Review: ‘Comfort and Joy’

In Comfort and Joy director-scripter Bill Forsyth again sets up a wacko scenario about zany, off-center characters.

In Comfort and Joy director-scripter Bill Forsyth again sets up a wacko scenario about zany, off-center characters.

But evincing much laughter over an unexpectedly funny couple living together, Forsyth abruptly switches into a more conventional plot.

Pic opens with a well-dressed kleptomaniac (Eleanor David) lifting goods at a department store, followed by a man (Bill Paterson). It turns out he’s her lover and aware of her stealing. They return home, make love off camera and after a meal she announces she’s leaving.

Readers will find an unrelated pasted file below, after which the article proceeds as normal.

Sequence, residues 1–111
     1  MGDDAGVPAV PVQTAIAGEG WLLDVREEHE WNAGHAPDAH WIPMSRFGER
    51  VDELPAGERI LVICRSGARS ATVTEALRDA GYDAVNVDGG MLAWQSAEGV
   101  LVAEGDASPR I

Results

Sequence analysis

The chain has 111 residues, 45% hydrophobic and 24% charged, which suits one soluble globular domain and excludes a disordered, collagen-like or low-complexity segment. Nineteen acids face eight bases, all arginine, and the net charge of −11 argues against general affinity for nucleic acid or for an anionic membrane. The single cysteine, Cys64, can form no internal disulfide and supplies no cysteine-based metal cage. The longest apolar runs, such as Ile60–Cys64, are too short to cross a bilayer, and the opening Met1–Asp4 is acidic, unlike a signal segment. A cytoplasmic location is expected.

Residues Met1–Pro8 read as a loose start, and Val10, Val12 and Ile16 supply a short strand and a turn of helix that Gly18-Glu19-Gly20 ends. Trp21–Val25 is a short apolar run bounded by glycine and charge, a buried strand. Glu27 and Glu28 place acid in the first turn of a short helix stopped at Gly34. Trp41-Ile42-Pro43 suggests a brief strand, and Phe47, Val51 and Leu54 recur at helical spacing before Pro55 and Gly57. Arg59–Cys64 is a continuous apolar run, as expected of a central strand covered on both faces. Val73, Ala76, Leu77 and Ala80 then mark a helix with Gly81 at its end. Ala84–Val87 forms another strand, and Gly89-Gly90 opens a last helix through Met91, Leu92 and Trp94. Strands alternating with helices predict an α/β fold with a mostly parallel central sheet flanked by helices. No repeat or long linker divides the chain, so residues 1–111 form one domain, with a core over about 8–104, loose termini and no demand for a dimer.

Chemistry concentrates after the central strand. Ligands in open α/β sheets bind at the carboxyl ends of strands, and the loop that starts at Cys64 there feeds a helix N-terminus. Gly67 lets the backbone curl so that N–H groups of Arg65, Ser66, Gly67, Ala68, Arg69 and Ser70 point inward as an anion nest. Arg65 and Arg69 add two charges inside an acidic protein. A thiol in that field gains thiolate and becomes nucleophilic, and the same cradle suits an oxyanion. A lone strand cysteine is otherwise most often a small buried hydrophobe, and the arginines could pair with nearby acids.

Depressed, he adopts a stiff upperlip attitude and goes to his job as an MOR radio station early morning deejay. He then becomes, innocently at first, a go-between as two warring Mafia families fight for territorial control of selling ice cream by van.

David and Paterson are terrific together and almost every line between them is a joy. From the point she departs with no explanation the pic flashes a sparky moment or two, but it doesn’t reach the high spots again.

Comfort and Joy

UK

Production

Kings Road. Director Bill Forsyth; Producer Davina Belling, Clive Parsons; Screenplay Bill Forsyth; Camera Chris Menges; Editor Michael Ellis; Music Mark Knopfler;; Art Director Adrienne Atkinson

Crew

(Color) Available on VHS. Extract of a review from 1984. Running time: 90 MIN.

With

Bill Paterson Roberto Bernardi Eleanor David Clare Grogan Patrick Malahide Rikki Fulton
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